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Méga-bassines: Why has a dispute over irrigation in French farmland turned violent?

The Local/AFP
The Local/AFP - [email protected]
Méga-bassines: Why has a dispute over irrigation in French farmland turned violent?
French gendarmes' vehicles burn during clashes as part of a demonstration called by the collective "Bassines non merci", the environmental movement "Les Soulevements de la Terre" and the French trade union 'Confederation paysanne' to protest against the construction of a new water reserve for agricultural irrigation, in Sainte-Soline. Photo by Pascal Lachenaud / AFP

There have been new calls for demonstrations against an irrigation project in western France, so what are the 'méga-bassines' that have been provoking confrontation for over a year?

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Organisers have called for a 'water convoy', consisting of hundreds of cyclists and several dozen tractors, to protest against the construction of méga-bassines in western France.

Previous protests, namely those in the town of Sainte-Soline (the sight of the would-be mega-basins) have turned violent, and in March 2023, two protesters were severely injured, and several dozen police officers sustained injuries as well. 

However, this was not the first clash at the site of the 'mega-basins' of Sainte-Soline, in October 2022 Molotov cocktails were thrown and more than 60 police officers injured in a three-day series of clashes.

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So what's it all about and why has it become such a big issue?

The issue

The protests - which have been ongoing in various forms for more than a year - are against the installation of an agricultural irrigation project in the commune of Sainte-Soline in the Deux-Sèvres département in south-west France.

Location of Sainte-Soline, where the protest camps are being set up. Google Maps

The 'méga-bassines' are a planned network of 16 giant (around 600,000 cubic metres) underwater storage areas which farmers can use for irrigation in the event of a drought - something that is happening with increasing frequency as the planet warms.

The project, backed by around 400 local farmers, is controversial because environmentalists say the mega-basins damage valuable wetland areas - the west of France has several wetland areas that shelter a wide variety of wildlife and the area is also known for salt marshes that produce a highly prized fleur de sel.

The protesters also say that the water tanks drain water from natural groundwater supplies and therefore make droughts worse for local residents and smaller farmers - essentially they see the basins as a 'water theft' from locals by big agri-businesses. 

As the climate crisis intensifies and droughts become commonplace, violent clashes over water supplies are likely to become more frequent.

The protests

October 2022 saw the first major clash at the site, but there had been protests in and around the basins for months, which stepped up during the elections in April and June 2022.

In total at the October protest there were between 4,000 and 7,000 demonstrators (estimates according to police and the demo organisers) and 1,500 police.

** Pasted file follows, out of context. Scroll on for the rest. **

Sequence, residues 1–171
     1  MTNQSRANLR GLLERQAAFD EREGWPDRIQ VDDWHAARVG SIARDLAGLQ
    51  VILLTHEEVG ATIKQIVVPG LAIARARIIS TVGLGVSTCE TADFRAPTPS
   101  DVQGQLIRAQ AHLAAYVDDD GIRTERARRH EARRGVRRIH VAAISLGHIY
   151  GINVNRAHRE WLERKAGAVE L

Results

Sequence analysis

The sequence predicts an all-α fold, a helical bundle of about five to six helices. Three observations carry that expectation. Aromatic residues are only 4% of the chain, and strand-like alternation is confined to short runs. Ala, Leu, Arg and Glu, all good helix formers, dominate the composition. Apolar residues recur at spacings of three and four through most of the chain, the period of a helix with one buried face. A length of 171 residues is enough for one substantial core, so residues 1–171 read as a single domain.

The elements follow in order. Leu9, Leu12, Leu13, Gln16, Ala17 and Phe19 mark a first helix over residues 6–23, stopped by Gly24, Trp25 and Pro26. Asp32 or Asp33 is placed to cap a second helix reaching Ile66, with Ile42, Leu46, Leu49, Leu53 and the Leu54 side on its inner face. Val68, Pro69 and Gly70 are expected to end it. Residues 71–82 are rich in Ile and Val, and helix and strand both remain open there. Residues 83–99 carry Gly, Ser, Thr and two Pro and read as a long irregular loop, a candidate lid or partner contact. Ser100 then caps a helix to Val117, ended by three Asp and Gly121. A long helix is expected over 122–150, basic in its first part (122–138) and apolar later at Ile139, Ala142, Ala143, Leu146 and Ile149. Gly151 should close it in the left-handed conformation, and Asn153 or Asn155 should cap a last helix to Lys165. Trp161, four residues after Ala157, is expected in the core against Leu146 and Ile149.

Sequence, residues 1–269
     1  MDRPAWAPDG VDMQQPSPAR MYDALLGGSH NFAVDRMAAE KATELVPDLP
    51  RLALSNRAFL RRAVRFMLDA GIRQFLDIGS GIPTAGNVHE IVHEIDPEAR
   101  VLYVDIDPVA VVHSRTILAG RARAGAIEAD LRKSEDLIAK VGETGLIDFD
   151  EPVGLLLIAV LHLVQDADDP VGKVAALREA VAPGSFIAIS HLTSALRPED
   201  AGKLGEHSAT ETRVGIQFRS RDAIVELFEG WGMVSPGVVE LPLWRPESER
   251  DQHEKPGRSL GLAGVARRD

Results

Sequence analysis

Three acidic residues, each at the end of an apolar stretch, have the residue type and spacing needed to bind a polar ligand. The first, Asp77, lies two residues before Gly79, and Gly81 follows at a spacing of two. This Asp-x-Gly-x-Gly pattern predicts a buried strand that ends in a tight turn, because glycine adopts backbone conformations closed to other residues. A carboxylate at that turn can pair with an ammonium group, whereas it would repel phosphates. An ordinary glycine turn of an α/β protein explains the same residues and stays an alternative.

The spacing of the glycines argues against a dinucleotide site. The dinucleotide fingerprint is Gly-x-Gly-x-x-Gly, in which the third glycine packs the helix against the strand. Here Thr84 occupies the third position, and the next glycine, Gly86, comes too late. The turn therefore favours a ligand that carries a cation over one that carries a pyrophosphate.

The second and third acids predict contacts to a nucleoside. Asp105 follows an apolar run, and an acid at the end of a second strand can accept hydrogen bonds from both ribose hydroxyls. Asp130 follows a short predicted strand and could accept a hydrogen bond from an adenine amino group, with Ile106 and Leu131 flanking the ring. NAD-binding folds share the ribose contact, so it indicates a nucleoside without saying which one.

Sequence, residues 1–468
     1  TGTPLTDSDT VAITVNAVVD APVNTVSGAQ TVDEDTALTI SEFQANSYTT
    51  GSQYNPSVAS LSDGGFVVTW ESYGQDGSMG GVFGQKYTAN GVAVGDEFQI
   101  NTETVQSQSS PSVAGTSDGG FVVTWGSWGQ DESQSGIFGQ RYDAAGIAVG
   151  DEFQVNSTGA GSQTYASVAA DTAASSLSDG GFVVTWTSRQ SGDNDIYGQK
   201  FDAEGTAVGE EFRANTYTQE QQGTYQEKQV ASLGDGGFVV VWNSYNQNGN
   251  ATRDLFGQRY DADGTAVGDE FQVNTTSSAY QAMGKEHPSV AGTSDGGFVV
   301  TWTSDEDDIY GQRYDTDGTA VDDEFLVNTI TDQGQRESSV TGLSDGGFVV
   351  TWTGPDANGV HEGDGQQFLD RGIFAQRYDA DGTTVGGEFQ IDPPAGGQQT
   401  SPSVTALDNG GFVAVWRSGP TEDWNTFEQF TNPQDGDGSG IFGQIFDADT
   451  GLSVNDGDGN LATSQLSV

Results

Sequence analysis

According to Interior Minister Gérald Darmanin, about 40 of the people present at the demo were on a police watchlist because of a history of violent protest (more on that later).

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Activists constrict a 'village of the Gauls' protest camp at Sainte-Soline. Photo by Pascal Lachenaud / AFP

An enormous police presence - around 1,000 officers - was dedicated to trying to stop the creation of a ZAD (Zone à défendre) - a type of permanent protest camp - next to the basin site.

However one farmer allowed protesters to set up camp on his land, where watchtowers and fences were built to create a "village of Gauls", a reference to the popular Asterix comic books.

Despite the protests, construction has begun on the basins, which are heavily guarded.

The violence over the weekend happened when protesters arrived at the construction site, which was defended by the police and gendarmes. Clashes quickly broke out between the more radical activists and the security forces, AFP correspondents said.

Protesters threw projectiles including improvised explosives, and set fire to police vehicles, while police responded with tear gas, water cannon and rubber bullets.

What does the government say?

Gérald Darmanin, France's hardline Interior Minister, has previously described the protests as "écoterrorisme" and saying that at least 40 of the activists at the site are 'Fiché S' - the technical term for being on a police watchlist - due to what he described as 'ultra-left' activities.

"With their operating methods, I am not afraid to say, falling under the banner of eco-terrorism that we must absolutely fight" he declared.

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The protests in March coincided with other huge demonstrations in France - a small minority of them violent - against Emmanuel Macron's pension reform, raising the retirement age from 62 to 64. 

French police were strongly criticised - including by Amnesty International - for their policing of pension reform protests, with numerous videos showing officers attacking apparently peaceful protesters. 

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LisieuxBarry 2022/10/31 17:43
I'm an American living in France and this type of excessive violence exists on both continents. I find it reprehensible !!!

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